In addition, there was circumstantial evidence to support a finding that, when the Appellant shot a handgun out the window while riding in a car outside Mitchell's apartment, he shot "toward" Mitchell.[14] Such evidence included Mitchell's testimony that she had been texting with the Appellant and that, based on his text messages, she was afraid that he was going to come to her apartment and "[t]hat there were going to be problems." Circumstantial evidence that the Appellant was shooting "toward" Mitchell also included what Mitchell and Gonzalez told the police officer minutes after the shooting and the officer's description of Mitchell's demeanor at that time.

         Thus, we conclude that there was sufficient evidence for the jury to conclude, beyond a reasonable doubt, that the Appellant discharged a handgun toward Mitchell and that he was guilty of aggravated assault, as indicted.[15]

         2. The Appellant contends that his attorneys provided ineffective assistance by their failure to raise a "best evidence" objection to the witnesses' testimony about the content of text messages he sent to Mitchell shortly before the drive-by shooting occurred. He argues that the testimony was inadmissible because the State failed to produce an original or duplicate copy of the text messages, pursuant to OCGA §§ 24-10-1002, 24-10-1003, and 24-10-1004.[16]

         In order to prevail on a claim of ineffective assistance of counsel, a criminal defendant must show that counsel's performance was deficient and that the deficient performance so prejudiced the client that there is a reasonable likelihood that, but for counsel's errors, the outcome of the trial would have been different.[17] The criminal defendant must overcome the strong presumption that trial counsel's conduct falls within the broad range of reasonable professional conduct. [The appellate court] accept[s] the trial court's factual findings and credibility determinations unless clearly erroneous, but . . . independently appl[ies] the legal principles to the facts.[18]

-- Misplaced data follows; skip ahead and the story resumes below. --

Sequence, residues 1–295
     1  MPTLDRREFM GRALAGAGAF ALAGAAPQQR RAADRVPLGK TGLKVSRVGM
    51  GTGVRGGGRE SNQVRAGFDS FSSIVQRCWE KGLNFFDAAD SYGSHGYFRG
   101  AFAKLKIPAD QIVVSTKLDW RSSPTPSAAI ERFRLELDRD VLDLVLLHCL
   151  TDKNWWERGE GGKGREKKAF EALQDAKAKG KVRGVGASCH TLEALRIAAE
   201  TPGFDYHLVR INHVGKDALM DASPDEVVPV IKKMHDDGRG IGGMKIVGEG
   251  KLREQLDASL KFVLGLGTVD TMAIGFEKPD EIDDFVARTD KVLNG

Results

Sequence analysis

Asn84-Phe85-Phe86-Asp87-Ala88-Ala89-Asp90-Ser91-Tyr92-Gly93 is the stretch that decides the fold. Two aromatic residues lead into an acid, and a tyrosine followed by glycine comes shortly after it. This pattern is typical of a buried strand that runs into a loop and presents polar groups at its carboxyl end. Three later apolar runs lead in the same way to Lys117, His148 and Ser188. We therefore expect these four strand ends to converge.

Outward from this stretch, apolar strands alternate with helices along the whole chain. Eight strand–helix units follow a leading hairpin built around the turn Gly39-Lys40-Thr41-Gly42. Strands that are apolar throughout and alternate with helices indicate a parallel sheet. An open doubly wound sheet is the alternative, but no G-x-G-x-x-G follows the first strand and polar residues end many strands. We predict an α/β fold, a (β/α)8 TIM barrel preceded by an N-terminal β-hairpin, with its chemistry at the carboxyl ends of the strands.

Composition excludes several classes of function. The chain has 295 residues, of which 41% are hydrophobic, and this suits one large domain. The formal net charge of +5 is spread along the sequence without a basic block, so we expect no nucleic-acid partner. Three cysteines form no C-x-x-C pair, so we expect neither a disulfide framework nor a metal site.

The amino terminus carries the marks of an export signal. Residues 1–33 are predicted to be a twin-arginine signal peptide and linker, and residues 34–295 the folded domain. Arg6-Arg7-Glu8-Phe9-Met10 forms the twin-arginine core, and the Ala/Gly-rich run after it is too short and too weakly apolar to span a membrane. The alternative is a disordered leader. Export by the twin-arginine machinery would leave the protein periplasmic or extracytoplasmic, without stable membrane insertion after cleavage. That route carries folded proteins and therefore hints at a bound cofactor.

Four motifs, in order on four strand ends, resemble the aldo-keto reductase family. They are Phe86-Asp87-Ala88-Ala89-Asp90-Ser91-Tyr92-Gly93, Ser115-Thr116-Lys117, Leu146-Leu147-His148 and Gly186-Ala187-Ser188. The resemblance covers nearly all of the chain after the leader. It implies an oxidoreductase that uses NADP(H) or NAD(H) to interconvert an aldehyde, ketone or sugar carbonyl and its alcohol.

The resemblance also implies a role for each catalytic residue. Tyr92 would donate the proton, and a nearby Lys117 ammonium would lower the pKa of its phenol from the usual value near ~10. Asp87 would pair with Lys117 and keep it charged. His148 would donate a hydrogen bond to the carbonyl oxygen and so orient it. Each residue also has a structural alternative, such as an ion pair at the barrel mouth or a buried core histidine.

Pretermitting whether a "best evidence" objection would have had merit and whether trial counsel's failure to raise such an objection constituted deficient performance, [19] we agree with the trial court's conclusion that the Appellant has failed to show that he was prejudiced by the lack of an objection. Specifically,

[the Appellant] did not show that[, ] if trial counsel had made such objection[, ] the [S]tate could not have introduced the original [text messages] or satisfactorily accounted for their absence. [The Appellant] has thus failed to demonstrate to a reasonable probability that, but for counsel's failure to assert [a] best evidence rule objection[ ], the trial's result would have been different.[20]

         Moreover, one of his trial attorneys[21] testified during the motion for new trial hearing that, even if an objection had been raised and the testimony had been excluded, he did not think that the exclusion would have made any difference on the outcome of the trial. He also testified that he did not believe the testimony about the text messages had been "fatal" to the Appellant's ...